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Context: On Debian, when hardening PHP I disabled and deleted a few unused PHP modules: for example, for wddx I deleted:

  • /etc/php/7.3/*/conf.d/20-wddx.ini
  • /etc/php/7.3/mods-available/wddx.ini
  • /usr/share/php7.3-xml/xml/wddx.ini
  • /usr/lib/php/*/wddx.so

When I upgraded, the PHP modules reappeared in /usr/share/php7.3-xml/xml/wddx.ini and /usr/lib/php/*/wddx.so although dpkg correctly did not add the 'enabling' configuration in /etc (thanks for the maintainer or dpkg for checking this!):

Not replacing deleted config file /etc/php/7.3/mods-available/wddx.ini
WARNING: Module wddx ini file doesn't exist under /etc/php/7.3/mods-available

Question: Is there a way, perhaps with dpkg-divert or a local dpkg trigger, to tell dpkg not to write again some files or to delete them after they are written?


P.S.

  • multiple PHP modules are packaged in php7.3-xml, and I need one of them, so it’s not possible to remove the whole Debian package.
  • the attack surface is already highly lowered given the PHP modules are not enabled, it is a refinement to also delete the .so file, hindering a human attacker and perhaps defeating a dumb automated malware script, even with root rights – obviously it should only be a part of the global defense.
  • it is possible to manually delete these files after upgrades or use a configuration management tool (Ansible, Puppet, Docker…), the question is about an integrated way of doing it with dpkg.

3 Answers 3

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I don't know a simple way to say to APT or DPKG or other packet manager "don't write some files here" because the manager works with packages and not uncompressed files.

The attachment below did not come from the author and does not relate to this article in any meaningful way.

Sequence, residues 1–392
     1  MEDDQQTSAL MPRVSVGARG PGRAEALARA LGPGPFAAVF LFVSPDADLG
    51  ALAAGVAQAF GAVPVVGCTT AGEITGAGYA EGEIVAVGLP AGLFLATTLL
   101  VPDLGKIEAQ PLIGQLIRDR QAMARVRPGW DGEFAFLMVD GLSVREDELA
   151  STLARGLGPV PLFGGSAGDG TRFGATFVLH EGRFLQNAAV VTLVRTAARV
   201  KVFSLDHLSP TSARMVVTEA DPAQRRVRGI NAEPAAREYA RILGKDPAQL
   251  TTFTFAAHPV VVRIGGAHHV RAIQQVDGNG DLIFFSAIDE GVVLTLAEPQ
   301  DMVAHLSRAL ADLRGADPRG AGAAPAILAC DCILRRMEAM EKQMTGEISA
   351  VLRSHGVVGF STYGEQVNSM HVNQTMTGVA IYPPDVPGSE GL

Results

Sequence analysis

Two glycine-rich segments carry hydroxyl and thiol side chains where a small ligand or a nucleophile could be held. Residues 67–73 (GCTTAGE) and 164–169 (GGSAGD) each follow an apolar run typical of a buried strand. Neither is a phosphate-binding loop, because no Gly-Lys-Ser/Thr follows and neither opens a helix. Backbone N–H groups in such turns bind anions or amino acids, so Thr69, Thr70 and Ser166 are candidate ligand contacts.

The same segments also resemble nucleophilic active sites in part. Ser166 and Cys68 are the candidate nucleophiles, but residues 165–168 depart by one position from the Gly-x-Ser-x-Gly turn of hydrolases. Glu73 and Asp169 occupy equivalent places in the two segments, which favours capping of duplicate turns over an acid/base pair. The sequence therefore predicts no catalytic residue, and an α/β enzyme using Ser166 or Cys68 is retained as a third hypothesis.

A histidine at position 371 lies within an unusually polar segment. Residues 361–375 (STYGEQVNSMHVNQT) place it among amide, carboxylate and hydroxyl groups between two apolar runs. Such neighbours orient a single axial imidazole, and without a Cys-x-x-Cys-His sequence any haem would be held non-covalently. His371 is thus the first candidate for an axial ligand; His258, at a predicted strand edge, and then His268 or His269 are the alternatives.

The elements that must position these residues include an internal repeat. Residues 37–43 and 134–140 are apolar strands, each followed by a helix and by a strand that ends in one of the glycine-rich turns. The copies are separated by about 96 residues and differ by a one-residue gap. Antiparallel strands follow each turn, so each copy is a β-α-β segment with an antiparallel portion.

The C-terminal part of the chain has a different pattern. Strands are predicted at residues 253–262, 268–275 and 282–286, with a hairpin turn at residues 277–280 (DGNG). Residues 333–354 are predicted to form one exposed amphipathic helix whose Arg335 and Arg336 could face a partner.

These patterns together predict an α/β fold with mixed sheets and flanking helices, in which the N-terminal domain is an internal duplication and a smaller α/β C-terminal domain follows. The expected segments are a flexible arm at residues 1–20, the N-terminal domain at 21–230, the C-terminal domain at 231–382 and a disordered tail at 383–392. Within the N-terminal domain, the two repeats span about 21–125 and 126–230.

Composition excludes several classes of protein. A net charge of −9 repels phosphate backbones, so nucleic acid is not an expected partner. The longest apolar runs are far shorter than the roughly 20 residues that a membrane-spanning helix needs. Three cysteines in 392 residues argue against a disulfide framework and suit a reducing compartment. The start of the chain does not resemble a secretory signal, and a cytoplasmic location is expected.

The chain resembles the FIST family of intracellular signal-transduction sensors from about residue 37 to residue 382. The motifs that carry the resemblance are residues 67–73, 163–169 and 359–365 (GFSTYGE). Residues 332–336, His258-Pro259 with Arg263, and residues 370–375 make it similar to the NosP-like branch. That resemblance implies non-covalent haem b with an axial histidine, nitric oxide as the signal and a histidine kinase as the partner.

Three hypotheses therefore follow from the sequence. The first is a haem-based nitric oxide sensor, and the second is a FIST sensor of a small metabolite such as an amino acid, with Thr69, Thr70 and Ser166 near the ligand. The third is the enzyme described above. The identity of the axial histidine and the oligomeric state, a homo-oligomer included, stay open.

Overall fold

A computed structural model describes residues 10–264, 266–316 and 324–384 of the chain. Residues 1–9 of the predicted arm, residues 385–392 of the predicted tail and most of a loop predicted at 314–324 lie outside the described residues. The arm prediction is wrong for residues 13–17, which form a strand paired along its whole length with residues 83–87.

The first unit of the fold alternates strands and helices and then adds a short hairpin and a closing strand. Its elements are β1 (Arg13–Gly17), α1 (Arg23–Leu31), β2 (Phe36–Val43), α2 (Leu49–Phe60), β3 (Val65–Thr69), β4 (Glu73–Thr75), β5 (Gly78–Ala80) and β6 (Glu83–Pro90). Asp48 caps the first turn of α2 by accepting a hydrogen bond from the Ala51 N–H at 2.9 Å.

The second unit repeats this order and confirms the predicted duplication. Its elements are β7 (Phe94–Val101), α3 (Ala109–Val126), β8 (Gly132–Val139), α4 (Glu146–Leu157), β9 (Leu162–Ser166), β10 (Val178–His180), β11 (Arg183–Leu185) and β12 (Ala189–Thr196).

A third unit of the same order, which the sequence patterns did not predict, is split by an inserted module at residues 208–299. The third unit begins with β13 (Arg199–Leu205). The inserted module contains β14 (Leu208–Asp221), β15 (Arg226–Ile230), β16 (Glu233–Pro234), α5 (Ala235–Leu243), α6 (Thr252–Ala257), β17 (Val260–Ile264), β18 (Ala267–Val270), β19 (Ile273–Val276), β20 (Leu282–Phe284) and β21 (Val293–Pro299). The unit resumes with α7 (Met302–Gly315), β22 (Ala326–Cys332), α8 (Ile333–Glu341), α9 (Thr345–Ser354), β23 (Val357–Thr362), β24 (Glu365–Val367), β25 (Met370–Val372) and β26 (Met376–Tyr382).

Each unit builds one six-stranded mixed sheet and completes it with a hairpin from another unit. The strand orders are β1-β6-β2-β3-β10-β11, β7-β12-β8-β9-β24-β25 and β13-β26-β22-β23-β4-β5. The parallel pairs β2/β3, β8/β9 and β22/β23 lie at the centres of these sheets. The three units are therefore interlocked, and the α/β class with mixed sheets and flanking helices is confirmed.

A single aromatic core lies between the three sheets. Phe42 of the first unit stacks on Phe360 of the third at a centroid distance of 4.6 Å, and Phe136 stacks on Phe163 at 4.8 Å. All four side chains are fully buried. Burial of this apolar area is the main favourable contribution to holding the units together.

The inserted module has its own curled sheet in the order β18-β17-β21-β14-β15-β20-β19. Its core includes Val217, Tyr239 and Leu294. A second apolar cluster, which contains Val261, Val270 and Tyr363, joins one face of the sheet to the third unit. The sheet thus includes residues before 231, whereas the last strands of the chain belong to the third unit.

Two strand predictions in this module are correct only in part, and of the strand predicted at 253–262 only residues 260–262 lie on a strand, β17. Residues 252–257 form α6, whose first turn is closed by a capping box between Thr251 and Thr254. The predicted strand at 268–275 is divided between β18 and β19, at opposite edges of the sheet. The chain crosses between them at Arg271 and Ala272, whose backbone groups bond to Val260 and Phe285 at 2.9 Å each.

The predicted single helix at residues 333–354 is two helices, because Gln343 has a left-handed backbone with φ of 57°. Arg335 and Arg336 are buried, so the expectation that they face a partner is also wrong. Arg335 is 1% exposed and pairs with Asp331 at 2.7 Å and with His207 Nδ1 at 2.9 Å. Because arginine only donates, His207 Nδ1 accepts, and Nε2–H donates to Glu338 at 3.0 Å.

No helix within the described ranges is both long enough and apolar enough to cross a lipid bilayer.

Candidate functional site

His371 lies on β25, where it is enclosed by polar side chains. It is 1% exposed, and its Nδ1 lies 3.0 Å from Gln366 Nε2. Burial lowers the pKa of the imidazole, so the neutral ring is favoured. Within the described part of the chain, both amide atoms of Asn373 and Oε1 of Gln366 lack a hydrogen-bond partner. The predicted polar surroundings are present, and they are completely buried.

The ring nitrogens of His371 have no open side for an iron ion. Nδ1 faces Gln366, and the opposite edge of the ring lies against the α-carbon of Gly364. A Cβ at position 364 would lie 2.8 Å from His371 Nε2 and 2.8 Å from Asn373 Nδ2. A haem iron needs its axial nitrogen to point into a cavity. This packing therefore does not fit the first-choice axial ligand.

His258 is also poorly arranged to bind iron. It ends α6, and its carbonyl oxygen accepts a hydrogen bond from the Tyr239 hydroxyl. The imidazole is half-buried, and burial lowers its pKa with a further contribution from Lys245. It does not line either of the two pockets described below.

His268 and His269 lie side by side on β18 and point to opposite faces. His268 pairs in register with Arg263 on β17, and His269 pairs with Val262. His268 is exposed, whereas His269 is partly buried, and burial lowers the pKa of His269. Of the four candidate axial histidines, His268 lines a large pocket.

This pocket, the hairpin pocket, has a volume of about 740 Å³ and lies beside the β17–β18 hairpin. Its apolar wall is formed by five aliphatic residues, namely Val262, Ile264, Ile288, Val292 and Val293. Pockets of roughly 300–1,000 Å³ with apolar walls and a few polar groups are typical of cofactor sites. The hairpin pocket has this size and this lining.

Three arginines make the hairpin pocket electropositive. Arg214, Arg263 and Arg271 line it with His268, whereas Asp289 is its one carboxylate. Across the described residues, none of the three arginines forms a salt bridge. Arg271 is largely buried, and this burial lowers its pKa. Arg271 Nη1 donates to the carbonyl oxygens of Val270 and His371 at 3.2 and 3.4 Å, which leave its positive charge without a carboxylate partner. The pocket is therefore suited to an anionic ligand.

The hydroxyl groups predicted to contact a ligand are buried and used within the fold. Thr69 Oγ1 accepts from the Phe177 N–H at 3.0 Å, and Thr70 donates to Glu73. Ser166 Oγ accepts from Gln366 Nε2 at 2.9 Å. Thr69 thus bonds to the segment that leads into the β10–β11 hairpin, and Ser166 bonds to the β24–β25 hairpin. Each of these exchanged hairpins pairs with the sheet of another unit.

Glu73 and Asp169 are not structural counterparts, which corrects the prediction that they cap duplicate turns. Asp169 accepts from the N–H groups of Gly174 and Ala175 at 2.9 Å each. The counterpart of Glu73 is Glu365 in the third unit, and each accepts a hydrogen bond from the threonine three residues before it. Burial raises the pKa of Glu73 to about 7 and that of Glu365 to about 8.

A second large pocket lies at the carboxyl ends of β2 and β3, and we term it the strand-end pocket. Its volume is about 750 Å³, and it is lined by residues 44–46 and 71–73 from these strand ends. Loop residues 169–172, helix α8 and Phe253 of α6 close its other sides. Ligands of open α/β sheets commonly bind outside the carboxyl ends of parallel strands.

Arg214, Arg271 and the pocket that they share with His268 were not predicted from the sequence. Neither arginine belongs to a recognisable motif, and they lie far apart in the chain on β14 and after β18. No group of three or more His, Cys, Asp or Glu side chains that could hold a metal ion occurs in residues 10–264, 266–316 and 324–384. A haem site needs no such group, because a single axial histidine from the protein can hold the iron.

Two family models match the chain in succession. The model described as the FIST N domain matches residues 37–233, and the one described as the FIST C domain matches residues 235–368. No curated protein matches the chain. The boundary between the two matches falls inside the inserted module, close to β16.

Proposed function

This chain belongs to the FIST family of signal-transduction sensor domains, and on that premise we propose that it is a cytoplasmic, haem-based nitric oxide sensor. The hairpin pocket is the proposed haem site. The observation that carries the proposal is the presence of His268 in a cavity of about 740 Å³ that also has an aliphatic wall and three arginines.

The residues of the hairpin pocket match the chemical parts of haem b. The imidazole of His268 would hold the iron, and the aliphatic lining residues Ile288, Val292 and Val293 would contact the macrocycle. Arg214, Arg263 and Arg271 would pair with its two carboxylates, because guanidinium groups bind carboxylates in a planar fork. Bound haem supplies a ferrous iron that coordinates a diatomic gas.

If modules are disabled with phpdismod then they are not charged on memory, but I agree with you it's better to avoid them from the filesystem.

Maybe the better way is to use a script or ansible job to remove unecessary files. In any case, It's not on the packet manager side who the answer exists !

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Generally apt does not replace configuration files that have been modified during updates. If you don't touch the config files of a package, they will be replaced with new versions, if you do change config files they will be left alone and the newer config version will be placed alongside with a .dpkg-dist extension.

So, if you want to make absolutely sure your configuration stays as it is just change the main config of the service so it doesn't use the -available/-enabled directories. They are provided for convenience for inexperienced users but not necessary, other distributions don't use such directories.

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You can use the --remove option to remove a divert that has been previously set up. For example:

sudo dpkg-divert --remove /usr/share/php7.3-xml/xml/wddx.ini

Keep in mind that dpkg-divert is a global mechanism that affects all packages that are installed on the system. If you want to control which files are modified by a specific package, you may need to use a different approach, such as using a local dpkg trigger.

In general you can use the dpkg-divert command to prevent dpkg from overwriting certain files during package installation or upgrades. This can be useful if you have customized certain configuration files and do not want them to be overwritten by package updates.

To use dpkg-divert, you can specify the file or directory that you want to divert, and specify a target location where the file should be placed instead. For example, to divert the /usr/share/php7.3-xml/xml/wddx.ini file to a different location, you can use the following command:

sudo dpkg-divert --divert /usr/share/php7.3-xml/xml/wddx.ini.dpkg-new --rename /usr/share/php7.3-xml/xml/wddx.ini

This will create a copy of the wddx.ini file with the name wddx.ini.dpkg-new, and any future updates to the wddx.ini file will be written to the .dpkg-new file instead.

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